We spend money, spin wheels and win some prizes. And look, I’m not going to judge which California is better, because it’s pretty cold and I have to go to Boston. In the United States, you can take historic Route 66 for most of the route between California and Boston. Not us, not when there is East Anglia to sail. Get your kicks mostly on the A47.
And then tragedy: there is no more gasoline. The 50 liters and a little (a full refill is 52.21 liters) lasted us 573.8 miles. The Sandero does not automatically switch to LPG. It takes a few cranks to restart the engine and an engine warning light doesn’t seem to be a big fan of its dry running, although it recovers quickly on its own.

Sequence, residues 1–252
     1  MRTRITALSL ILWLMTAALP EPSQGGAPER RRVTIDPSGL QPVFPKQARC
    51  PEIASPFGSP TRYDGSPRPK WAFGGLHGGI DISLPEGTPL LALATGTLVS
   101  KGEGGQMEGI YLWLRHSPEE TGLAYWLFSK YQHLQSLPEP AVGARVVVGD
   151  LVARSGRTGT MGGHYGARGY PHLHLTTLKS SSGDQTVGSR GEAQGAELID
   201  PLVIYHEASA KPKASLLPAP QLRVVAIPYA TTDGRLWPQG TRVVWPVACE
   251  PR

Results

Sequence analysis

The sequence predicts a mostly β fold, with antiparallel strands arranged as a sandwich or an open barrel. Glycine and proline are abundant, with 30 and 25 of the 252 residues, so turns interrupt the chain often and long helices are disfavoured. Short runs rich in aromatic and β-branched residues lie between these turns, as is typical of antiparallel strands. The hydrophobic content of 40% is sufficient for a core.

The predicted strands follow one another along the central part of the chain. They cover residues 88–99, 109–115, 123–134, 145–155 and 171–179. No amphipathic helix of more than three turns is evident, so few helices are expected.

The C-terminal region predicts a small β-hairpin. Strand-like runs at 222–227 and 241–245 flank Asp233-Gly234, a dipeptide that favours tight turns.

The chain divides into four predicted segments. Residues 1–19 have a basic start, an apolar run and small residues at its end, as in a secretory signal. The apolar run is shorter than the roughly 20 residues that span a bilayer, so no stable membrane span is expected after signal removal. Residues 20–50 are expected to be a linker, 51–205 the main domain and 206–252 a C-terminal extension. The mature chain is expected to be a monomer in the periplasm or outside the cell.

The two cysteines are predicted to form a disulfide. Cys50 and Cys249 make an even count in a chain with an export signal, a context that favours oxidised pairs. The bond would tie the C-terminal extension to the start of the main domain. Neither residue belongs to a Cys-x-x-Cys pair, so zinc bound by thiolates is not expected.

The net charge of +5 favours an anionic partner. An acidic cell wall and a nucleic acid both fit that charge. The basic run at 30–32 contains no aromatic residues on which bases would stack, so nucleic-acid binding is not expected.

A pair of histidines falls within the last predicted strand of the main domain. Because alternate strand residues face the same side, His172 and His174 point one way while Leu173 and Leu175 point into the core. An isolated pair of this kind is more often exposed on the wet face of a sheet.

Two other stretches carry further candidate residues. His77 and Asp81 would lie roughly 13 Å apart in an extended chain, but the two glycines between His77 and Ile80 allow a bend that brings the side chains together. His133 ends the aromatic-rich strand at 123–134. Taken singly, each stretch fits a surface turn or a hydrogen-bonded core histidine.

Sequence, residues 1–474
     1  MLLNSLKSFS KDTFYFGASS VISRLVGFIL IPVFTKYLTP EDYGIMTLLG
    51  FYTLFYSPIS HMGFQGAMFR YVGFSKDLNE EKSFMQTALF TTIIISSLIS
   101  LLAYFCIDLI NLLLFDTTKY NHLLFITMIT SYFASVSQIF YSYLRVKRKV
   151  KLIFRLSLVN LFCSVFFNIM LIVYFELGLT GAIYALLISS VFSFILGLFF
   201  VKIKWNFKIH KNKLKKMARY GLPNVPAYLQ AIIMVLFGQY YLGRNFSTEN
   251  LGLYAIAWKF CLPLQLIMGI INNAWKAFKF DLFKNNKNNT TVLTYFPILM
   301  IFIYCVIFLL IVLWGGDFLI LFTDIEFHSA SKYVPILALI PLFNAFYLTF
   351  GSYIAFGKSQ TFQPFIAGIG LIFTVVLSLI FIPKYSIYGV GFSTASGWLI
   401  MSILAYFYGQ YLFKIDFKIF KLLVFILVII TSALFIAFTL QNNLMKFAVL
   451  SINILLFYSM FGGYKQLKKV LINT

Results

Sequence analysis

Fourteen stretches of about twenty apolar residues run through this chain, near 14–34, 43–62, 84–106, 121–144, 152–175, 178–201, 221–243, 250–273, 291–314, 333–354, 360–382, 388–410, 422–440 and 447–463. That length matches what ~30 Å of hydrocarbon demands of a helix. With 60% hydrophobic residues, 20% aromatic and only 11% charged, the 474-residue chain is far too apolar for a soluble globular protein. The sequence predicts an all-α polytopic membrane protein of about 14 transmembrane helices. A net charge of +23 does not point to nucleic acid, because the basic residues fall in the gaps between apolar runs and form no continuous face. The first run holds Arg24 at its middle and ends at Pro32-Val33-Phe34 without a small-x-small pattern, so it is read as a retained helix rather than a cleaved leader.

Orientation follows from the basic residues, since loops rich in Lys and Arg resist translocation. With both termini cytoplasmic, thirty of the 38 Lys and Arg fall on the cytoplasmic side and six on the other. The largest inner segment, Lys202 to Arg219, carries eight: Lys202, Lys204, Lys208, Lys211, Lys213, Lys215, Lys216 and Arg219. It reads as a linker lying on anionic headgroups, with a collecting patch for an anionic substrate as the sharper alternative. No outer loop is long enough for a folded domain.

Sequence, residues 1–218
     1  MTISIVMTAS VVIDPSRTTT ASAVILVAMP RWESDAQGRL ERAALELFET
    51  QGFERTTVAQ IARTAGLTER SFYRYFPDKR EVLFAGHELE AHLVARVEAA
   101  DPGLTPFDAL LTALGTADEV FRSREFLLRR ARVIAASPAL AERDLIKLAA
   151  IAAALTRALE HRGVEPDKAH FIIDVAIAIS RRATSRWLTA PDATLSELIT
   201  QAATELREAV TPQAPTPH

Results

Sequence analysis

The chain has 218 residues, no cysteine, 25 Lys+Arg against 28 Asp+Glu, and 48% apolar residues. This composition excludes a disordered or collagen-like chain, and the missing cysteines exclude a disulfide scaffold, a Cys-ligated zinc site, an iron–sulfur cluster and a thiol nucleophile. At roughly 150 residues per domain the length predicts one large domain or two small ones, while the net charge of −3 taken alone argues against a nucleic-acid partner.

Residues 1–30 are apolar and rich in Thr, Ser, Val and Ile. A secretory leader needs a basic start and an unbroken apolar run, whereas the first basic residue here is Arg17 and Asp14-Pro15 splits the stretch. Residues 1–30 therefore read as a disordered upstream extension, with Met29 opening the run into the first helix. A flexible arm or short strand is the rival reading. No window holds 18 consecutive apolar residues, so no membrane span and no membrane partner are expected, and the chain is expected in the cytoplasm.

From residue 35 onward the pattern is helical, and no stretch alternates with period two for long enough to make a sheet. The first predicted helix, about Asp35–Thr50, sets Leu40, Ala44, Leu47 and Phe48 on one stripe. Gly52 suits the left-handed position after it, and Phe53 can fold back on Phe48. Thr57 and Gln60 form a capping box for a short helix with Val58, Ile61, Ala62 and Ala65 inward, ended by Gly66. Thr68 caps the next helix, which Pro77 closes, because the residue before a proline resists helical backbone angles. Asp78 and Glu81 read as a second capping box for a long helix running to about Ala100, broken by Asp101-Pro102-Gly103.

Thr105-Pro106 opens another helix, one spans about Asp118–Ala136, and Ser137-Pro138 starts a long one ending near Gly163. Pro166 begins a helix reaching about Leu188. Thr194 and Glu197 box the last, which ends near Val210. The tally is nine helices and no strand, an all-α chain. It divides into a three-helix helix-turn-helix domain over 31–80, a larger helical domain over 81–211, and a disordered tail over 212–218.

There’s more power and torque on the LPG, but in general driving you’d be driven to notice it, especially if you’ve stopped and started again. You’ll feel a bigger difference if you flick between the two on the go.
Now LPG-only, however, we reached Boston, whose rather gleaming new football stadium is on the outskirts (14 hours, 627 miles), appropriately on Pilgrim Way. As we pass, The Pilgrims apparently have their doubts about their manager, who they later part ways with. If I had known (as a former player-manager of London Colney’s Pear and Partridge FC), I would have submitted my CV.
Instead, we head to Bermuda, not far from Nuneaton (and the MIRA Proving Ground). In a maze of industrial areas and housing estates, Bermuda Village – don’t laugh – is proving hard to find. But it’s there (5:30 p.m., 726 miles), Bermuda Road leading to Bermuda Village and with a bus circling around a small green with a mailbox on it that, if you squint a little, you could pretend you had three sides and was therefore a true Bermuda Triangle. Or not. It was two quite long days.